In 1983, 72% of the population said that this gap was too large, and since 1989 this has been the view of 80% or more; in 2002, 82% of people thought this gap too large. Moreover, most people in each socioeconomic group, income group, and self rated hardship group thought that the gap between people on high and low salaries was too large (77% of those “living comfortably,” 84% of those “coping,” and 90% of those “having difficulty”). There is also consensus with this view across the broad political spectrum, by party identification (71% of Conservative voters, 88% of Labour voters, 84% of Liberal Democrats voters, and 81% of those with no affiliation).33

Yet “redistribution” is a dirty word in British politics, and we are a far cry from Denis Healey's threat to “tax the rich until the pips squeak.” In the run up to the general election Labour and the Conservatives will not even hint at any tax rises; only the Liberal Democrats have a manifesto policy to increase the income tax of those earning more than £100 000 a year (1% of the total population). Despite their commitment to tackling health inequalities, when it comes to underlying income inequalities, New Labour have been prepared only to try lifting some sections of the population out of poverty; they have yet to effectively tackle the wider issue of inequality. The small changes towards redistribution of income that (may) have recently occurred need to be seen in the context of increasing inequalities in wealth (which may partly be a lag effect of increased income inequalities over the preceding decade8), although only large reductions in inequalities in income can lead to a long term reduction in inequalities in wealth.

Have policy changes been sufficient to redress these inequalities?

In the light of the evidence from 100 years of poverty research in Britain it was recently claimed of the government's strategy on poverty that: “Though the treatment is good and getting better, the dose needs strengthening…. If the government is going to be able to deliver on poverty it is going to need to raise more from our tax system and make it more redistributive.” (Bradshaw J. “Understanding and overcoming poverty.” Keynote address given at Joseph Rowntree Foundation Centenary Conference, University of York, 13 December 2004).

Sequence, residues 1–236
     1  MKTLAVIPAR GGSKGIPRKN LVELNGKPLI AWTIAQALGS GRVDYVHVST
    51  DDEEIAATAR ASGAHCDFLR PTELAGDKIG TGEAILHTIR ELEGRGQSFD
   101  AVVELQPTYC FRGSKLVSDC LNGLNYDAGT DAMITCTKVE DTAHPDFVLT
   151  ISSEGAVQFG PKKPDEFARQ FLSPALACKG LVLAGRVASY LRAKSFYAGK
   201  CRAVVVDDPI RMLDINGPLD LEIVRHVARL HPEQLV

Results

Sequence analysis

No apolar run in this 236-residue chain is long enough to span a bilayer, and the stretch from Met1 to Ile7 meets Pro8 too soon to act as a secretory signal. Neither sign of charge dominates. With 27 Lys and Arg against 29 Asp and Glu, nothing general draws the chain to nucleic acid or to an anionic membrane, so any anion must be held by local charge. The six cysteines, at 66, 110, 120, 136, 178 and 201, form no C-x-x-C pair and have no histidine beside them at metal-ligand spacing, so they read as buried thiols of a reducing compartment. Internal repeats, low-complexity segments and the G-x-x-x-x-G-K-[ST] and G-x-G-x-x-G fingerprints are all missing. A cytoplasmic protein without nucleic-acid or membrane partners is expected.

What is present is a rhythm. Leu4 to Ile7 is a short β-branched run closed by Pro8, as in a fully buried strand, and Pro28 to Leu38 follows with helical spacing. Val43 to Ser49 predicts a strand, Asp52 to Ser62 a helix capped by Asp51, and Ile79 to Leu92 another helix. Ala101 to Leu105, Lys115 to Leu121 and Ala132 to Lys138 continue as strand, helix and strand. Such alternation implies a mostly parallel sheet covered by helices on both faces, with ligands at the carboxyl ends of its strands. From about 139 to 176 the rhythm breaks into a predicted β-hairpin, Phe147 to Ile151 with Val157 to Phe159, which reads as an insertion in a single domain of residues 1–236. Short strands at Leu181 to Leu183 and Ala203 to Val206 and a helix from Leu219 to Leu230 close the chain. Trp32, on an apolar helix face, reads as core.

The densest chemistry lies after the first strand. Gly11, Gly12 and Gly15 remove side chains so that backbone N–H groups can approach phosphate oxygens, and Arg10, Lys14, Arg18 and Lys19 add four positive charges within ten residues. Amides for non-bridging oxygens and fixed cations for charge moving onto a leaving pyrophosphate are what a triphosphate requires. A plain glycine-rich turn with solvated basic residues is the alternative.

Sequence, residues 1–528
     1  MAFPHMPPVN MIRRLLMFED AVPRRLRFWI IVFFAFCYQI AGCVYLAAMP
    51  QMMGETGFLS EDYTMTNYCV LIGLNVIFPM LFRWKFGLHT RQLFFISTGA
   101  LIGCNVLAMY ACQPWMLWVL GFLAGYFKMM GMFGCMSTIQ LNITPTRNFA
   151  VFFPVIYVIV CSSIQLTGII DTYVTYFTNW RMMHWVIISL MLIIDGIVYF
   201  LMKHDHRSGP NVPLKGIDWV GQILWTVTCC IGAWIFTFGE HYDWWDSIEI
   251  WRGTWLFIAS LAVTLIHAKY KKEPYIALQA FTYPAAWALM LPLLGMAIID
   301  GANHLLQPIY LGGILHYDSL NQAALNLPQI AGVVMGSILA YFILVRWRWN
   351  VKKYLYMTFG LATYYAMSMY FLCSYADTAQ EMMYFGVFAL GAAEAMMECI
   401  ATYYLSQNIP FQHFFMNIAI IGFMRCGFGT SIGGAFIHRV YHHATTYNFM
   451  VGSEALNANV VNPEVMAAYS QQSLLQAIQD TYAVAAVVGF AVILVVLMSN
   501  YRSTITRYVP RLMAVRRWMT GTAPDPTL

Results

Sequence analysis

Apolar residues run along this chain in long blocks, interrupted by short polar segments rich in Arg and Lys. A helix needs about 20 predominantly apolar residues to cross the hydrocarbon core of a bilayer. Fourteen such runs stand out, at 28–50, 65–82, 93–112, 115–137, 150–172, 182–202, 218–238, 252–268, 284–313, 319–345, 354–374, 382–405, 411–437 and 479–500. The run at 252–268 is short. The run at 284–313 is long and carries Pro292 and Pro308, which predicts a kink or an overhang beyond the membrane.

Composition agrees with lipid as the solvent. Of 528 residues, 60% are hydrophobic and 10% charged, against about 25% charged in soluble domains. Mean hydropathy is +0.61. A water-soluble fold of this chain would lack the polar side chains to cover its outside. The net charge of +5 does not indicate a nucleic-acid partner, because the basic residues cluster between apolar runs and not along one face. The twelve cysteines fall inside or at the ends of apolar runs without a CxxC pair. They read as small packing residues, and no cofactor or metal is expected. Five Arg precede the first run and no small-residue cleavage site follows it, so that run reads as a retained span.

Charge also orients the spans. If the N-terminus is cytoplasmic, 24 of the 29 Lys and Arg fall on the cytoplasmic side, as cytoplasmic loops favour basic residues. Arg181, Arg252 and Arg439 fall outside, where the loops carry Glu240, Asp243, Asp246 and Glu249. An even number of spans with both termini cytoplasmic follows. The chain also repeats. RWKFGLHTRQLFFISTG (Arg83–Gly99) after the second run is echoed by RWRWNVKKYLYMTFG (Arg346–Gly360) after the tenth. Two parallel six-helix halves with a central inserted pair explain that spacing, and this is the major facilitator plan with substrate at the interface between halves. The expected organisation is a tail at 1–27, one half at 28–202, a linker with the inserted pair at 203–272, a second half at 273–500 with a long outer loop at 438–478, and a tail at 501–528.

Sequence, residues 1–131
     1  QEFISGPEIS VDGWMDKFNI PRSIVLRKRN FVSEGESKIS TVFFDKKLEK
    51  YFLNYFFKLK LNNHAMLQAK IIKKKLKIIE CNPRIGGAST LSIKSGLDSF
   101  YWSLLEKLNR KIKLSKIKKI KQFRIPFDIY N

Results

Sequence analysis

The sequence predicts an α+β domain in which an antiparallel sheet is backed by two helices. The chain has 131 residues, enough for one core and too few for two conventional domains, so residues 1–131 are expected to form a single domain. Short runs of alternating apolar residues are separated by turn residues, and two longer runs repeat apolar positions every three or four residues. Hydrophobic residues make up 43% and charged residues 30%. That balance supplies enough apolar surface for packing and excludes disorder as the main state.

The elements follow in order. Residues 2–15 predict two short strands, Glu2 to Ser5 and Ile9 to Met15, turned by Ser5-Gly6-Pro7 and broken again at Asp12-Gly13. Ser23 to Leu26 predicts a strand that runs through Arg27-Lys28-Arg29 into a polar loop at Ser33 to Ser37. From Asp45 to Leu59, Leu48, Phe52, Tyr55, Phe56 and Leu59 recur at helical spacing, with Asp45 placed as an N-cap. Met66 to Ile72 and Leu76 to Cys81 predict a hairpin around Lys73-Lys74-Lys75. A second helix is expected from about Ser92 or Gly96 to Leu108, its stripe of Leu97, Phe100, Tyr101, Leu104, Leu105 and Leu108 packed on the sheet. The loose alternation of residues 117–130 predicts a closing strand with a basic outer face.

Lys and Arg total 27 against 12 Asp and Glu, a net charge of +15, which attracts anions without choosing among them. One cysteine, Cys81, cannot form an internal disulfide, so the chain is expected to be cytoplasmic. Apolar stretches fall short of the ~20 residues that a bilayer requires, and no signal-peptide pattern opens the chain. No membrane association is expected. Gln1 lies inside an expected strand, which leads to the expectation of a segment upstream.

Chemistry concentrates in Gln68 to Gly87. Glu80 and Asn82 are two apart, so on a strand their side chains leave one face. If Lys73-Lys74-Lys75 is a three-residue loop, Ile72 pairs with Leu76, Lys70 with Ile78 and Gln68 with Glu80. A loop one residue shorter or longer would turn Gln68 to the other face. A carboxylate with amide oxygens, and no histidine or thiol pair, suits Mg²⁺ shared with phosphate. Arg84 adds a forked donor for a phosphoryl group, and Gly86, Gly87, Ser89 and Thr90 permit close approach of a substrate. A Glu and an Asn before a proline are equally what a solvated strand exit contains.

Despite favourable economic circumstances, and inroads made by initiatives such as the national minimum wage, new deal, and tax credits, more substantial redistributive policies are needed that address both poverty and income inequality.

What do recent changes suggest for inequalities in the future?

The current trend of growing inequalities in wealth suggests that we are likely to see growing inequalities, transmitted to and magnified among future generations. However, if there were the political will, the reduction in income inequalities seen for 2002-3 could signal a turning point in this vitally important trend.


  • Embedded Image Details of revisions to population census data and life expectancies in individual local authority districts appear on

  • We thank Francis Jones at the Office for National Statistics for providing detailed income inequality data. The opinions expressed in this paper are those of the authors and not of their respective institutions.

  • Contributors All authors contributed to the conception, design, analysis, interpretation, and drafting of this article and approved the final version. DD is guarantor for the study.

  • Funding MS is funded by the South West Public Health Observatory

  • Competing interests None declared